How quickly I have grown old.

 

1A person from the highland of Khevi in northeast Georgia.

Nik'oloz Gigoshvili - Khidi
+ Song Info

Nik’a first heard this song when he attended Vazhaoba1 in the Pshav village of Napareuli, K’akheti, where he heard a trio of women sing it. Afterwards, he couldn’t get it out of his head. Part of the way home at the end of the day, he turned his car around, returned to the women and requested the lyrics.

 

To hear another version of this song in the Bats language, visit the page of Meri Jikhoshvili.

 

1An annual festival celebrating the life of Vazha-Pshavela (1861-1916), one of Georgia’s most famous writers and poets.  

+ Lyrics

Khidi

(scroll down for English translation)

 

Soplis boloze ghelestan

Erti p’at’ara khidia

Am khidit chventan modian

Am khidit chvengan midian

 

Bebiachemi am khidze

Dadis otkhmotsi ts’elia

Bebia ambobs es khidi

Tamaris droindelia

 

Vin itsis k’idev am khidze

Ramdeni k’atsi gavao

Zogi p’irvelad shemova

Zogi k’i sulats ts’avao

 

Khidi isev darcheba

Radganats igi khidia

Ts’utisopeli egria

Sul modian da midian

 

Translation:

 

Bridge

 

Towards the end of the village at the stream

There is a small bridge

Through this bridge, people arrive

Through this bridge, people leave

 

My grandmother walks this bridge

Already for eighty years

My grandmother says: This bridge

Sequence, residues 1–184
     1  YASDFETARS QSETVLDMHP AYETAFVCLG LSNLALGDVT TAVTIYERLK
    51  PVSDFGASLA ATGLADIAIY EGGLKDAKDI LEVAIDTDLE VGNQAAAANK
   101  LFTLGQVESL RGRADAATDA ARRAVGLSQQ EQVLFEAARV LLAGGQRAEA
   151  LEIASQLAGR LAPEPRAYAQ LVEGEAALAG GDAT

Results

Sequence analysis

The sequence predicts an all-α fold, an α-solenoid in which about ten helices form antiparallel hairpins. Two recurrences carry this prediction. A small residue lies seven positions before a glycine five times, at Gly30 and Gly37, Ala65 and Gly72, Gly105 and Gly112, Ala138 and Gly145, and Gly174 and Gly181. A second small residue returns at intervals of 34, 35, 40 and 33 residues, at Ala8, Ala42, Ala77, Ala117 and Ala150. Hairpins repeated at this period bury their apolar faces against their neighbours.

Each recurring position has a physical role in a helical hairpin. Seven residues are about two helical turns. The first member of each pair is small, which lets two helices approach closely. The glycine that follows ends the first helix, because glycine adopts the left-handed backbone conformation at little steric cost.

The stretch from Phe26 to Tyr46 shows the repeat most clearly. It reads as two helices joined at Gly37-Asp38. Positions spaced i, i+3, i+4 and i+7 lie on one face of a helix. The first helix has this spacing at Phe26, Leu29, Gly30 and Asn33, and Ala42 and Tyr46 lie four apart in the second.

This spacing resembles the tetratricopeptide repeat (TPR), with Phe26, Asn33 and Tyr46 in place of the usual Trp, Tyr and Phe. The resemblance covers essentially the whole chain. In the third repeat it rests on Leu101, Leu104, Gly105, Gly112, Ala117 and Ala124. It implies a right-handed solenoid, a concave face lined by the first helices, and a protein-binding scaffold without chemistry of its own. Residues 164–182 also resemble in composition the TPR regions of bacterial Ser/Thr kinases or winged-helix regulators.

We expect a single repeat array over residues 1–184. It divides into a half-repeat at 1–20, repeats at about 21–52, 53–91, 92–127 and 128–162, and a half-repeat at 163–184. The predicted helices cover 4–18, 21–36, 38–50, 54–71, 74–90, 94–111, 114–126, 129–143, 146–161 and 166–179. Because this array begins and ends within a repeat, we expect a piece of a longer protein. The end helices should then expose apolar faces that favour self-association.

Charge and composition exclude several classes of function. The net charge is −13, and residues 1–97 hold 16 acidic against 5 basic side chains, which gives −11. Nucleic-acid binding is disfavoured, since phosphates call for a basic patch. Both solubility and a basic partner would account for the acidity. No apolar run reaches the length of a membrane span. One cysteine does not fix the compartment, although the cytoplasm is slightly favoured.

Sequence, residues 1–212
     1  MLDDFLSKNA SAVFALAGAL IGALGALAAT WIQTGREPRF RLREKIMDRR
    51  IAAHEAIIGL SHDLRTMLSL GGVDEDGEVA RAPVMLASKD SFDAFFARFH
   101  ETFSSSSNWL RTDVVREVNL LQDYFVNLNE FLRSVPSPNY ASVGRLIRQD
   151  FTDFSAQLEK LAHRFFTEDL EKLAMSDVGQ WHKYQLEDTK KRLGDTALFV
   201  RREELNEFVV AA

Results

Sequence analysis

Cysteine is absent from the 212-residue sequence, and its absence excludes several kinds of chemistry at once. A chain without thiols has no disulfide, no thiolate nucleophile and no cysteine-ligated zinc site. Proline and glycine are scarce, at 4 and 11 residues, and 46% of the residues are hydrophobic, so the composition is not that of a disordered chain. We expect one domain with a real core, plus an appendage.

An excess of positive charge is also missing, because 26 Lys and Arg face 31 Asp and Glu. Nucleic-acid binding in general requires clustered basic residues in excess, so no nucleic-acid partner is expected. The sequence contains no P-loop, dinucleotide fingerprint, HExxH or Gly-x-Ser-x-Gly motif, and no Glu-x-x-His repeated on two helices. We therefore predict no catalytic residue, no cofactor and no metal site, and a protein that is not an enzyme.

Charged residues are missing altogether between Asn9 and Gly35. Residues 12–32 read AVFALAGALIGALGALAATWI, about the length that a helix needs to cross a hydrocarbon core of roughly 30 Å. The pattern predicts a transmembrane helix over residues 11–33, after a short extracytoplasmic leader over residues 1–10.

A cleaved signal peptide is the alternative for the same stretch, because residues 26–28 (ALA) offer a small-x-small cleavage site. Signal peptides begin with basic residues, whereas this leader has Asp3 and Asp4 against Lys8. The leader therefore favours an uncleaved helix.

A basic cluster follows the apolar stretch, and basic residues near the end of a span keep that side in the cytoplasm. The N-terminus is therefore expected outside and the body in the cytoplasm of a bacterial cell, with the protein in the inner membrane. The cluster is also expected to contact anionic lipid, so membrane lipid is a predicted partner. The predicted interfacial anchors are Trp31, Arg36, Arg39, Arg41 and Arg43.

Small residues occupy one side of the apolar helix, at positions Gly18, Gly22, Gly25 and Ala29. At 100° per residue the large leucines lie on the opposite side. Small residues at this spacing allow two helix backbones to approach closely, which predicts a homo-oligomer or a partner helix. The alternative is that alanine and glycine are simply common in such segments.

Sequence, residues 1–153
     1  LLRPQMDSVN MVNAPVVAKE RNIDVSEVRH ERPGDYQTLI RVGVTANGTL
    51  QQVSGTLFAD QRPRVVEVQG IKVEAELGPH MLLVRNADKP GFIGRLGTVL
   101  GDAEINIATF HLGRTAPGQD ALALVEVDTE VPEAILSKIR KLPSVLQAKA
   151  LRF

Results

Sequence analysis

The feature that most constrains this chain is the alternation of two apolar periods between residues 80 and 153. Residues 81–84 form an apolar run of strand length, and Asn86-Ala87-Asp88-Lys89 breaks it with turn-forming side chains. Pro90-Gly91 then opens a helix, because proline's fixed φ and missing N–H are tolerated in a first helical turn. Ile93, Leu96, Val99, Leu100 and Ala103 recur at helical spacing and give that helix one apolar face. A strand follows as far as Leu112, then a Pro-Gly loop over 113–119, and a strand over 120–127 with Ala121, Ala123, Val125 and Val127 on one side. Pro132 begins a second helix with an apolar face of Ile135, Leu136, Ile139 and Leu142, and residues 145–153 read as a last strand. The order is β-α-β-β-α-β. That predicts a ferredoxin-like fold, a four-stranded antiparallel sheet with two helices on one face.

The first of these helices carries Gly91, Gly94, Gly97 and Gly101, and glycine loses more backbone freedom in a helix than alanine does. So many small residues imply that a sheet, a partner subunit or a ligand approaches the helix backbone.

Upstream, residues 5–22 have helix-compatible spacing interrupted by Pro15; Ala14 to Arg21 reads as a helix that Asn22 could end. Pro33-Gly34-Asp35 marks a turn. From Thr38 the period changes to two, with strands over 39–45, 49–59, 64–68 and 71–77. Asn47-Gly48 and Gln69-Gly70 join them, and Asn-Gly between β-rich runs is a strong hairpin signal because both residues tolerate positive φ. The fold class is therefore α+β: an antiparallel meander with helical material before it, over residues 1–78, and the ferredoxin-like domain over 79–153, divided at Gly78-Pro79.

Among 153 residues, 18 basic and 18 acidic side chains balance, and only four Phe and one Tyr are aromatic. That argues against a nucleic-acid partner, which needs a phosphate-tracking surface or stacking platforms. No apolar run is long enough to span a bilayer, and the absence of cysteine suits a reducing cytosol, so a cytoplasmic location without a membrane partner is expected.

Is from the time of Tamar Mepe1

 

Who else knows of this bridge?

How many men will leave?

Some arrive for the first time

And some leave forever

 

It is a bridge, after all

It will remain where it is

Unlike our one-minute village

Where everyone arrives and everyone leaves

 

1Tamar of Georgia, who reigned as queen of the country from 1184-1213 during Georgia's Golden Age. She was so beloved that Georgians refer to her to this day as ''Tamar Mepe'' or King Tamar.  She remains a very important cultural symbol and has been canonized by the Georgian Orthodox Church as Holy Righteous King Tamar.

Nik'oloz Gigoshvili - Samshobloze
+ Song Info

A patriotic song about Georgia. The first strophe loosely comes from Vazha-Pshavela’s1 ''Song'': ''Artsra t’ant mtsvia, arts pekhta.'' It is a popular verse and can be found in two other songs on the site -  The Pirtskhelani Family’s: ''Samshobloze'' and K’akha Mangoshvili's ''Khars Vegevar Naialaghars.''  The last verse in this song is frequently heard in folk repertoire.

 

1Luka Razikashvili (1861-1916) was one of Georgia’s most famous poets and writers. He wrote under the pen name Vazha Pshavela, which literally means the “son from Pshavi.” He was born and raised in the village of Chargali where a museum for him, opened in 1961, exists today.

+ Lyrics

Samshobloze 

(scroll down for English translation)

 

Khars vgevar, khars vgevar naialaghars

Rkebit mits’as vtkhri vbubuneba

Ghmerto samshoblo mitsotskhle

Dzilshiats amas vduduneb

 

Vazi da vazi da kartveli k’atsi

Ghmerts ertad gauchenia

Rotsa kartvel k’ats uch’irda

Vazs mashin gadurchenia

 

Irems rad uqvars mtis ts’qaro

Arts’ivs maghali mtania

Me raze miqvars samshoblo

Gana es sak’itkhavia

 

Net’ai net’ai vinats me miqvars

Net’ai vinats me miqvars

Imasats veqvarebode

Da mere tundats mtel sopels

Ch’irivit vejavrebode

 

Translation:

 

Homeland

 

I am like the buffalo when I work

I dig into the earth with my horns

''God, may the homeland save me''

Is what I murmur in my dreams

The vine and the Georgian man

God created them together

When the Georgian man was in need

He was saved by the vine

 

As a deer loves mountain water

And as the eagle loves flying high

I, without hesitation

Love my homeland

 

Oh how I wish that the one I love

Would love me in return

Even if it infected the entire village

With anger towards me